• It’s easier to switch careers while still in school than while working
  • It’s easier to switch careers before “Senior” levels or becoming management
  • It’s easier to switch if you have goodwill or control over your working hours
  • It’s easier (ironically) to switch high-level managerial careers between industries than any other job within that industry

So the first question you should answer is if it’s worth it to change careers. Why do you want to? If it’s about money and growth opportunities, put it against the expectations you have if you continue your career path as it is. Is the investment worth it? Or do you want to change careers because you don’t like your job? In that case, you might be better off evolving your job – such as becoming a consultant with your skills, or seeing if you can do the same job in a different industry.

Setting these expectations for yourself will help to determine if the time you must invest is going to pay itself off. And happiness is as good a reward as higher pay or better secondary benefits, believe that. But be careful that you don’t fall into the trap of changing jobs to be happier without knowing what it is in your current job that makes you unhappy. You might end up being equally unhappy in your new job.

At certain levels of accomplishment, switching careers can actually become easier. A high-functioning manager can get to work at any company, really, while anyone could become a consultant, author or public speaker using their acquired experience. You will have gained so many connections that switching careers becomes more a matter of influencing your network than learning skills from the ground up.

Money

Money is a major part of the reason to work in the first place. Changing careers might mean stepping down to a lower echelon of work, meaning less pay. Can your life handle that? Take stock of how much money you need for your daily life, pay off debts, save for later. Make sure that when you switch careers you can still cover this, because else you will be in trouble. You can start “downsizing” your life and spending to allow you to fit in a smaller salary model. It also helps if you have a partner who has a job themselves, for that extra security. It’s much easier to take a risk like a career switch when your lifestyle can already be covered by your partner’s job.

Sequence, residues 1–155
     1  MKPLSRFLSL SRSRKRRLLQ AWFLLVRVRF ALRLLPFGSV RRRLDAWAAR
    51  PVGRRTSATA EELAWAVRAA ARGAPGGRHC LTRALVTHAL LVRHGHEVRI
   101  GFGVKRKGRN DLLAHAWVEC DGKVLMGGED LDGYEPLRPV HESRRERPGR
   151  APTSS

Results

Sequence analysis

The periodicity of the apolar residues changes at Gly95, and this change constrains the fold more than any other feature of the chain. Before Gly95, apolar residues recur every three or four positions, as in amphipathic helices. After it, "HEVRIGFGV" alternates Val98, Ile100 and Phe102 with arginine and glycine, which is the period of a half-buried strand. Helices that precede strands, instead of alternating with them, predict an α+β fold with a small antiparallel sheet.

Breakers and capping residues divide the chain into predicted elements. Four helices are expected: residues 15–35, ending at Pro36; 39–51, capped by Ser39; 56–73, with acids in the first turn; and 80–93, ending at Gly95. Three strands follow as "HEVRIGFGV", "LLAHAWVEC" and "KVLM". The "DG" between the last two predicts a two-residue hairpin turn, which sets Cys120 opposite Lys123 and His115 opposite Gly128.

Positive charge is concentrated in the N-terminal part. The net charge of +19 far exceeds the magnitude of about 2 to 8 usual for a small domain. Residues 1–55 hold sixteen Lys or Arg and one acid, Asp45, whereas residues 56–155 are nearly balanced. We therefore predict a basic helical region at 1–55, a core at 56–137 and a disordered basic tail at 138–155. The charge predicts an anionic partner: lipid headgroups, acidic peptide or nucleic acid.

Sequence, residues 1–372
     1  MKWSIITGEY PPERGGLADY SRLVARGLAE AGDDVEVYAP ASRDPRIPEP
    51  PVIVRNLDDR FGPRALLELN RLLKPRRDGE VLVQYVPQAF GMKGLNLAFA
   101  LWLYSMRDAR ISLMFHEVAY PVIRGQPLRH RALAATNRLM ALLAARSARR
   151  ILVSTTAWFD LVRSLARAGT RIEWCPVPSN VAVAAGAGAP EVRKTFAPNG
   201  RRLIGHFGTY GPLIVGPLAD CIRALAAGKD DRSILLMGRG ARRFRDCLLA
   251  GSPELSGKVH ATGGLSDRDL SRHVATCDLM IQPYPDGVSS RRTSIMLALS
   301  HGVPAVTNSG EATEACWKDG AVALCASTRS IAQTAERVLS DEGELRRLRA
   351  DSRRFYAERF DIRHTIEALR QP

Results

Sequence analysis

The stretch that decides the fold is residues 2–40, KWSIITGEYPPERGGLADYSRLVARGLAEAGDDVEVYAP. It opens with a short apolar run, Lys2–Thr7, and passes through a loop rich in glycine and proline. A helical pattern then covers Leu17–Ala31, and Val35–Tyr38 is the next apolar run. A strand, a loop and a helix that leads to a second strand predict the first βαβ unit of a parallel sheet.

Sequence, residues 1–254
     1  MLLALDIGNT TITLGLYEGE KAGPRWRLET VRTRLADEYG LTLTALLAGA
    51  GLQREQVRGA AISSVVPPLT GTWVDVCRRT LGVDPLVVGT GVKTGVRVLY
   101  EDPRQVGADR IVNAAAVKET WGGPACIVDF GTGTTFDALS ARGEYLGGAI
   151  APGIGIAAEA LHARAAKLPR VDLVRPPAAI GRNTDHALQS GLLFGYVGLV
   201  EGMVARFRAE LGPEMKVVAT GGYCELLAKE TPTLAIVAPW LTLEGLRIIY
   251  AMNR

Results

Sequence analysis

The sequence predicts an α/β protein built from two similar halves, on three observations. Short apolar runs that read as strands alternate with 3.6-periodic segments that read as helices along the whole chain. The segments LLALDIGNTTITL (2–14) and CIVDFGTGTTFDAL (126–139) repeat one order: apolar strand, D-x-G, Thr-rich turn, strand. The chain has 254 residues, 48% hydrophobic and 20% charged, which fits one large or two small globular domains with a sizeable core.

Money is also fuel. Your education might need payment, you may need to do unpaid internships or travel to get the education or experience you need. You may need to become a member of organizations, which can cost money. The profession might come with professional literature subscriptions or an investment in a practice or firm. All of these things you will need to put money towards, and that means you include this in your financial calculations as well. It might be you need to save up a bit to afford a career change, and do as much on the cheap as you can until you hit that magical “savings mark”.

Note that this is an investment, treat it as such. If your desired career makes much better money, then you can calculate how quickly you’d recoup the investment. If saving up means forgoing something (like a car, holiday or house) then make this a symbolic goal to reach in your new career.

For example, if my career change costs 15K euros, it prevents me from buying that electric car I wanted which would cut costs and be more environmentally friendly. Instead I saved this money for my career change. After 5 years however, I should have recouped this investments with the extra salary I should earn. I put this money aside every month, and once I hit the mark I buy the electric car as a celebration of my success. If I had not done this, I would have just the car but now I’ve a career I want plus that car.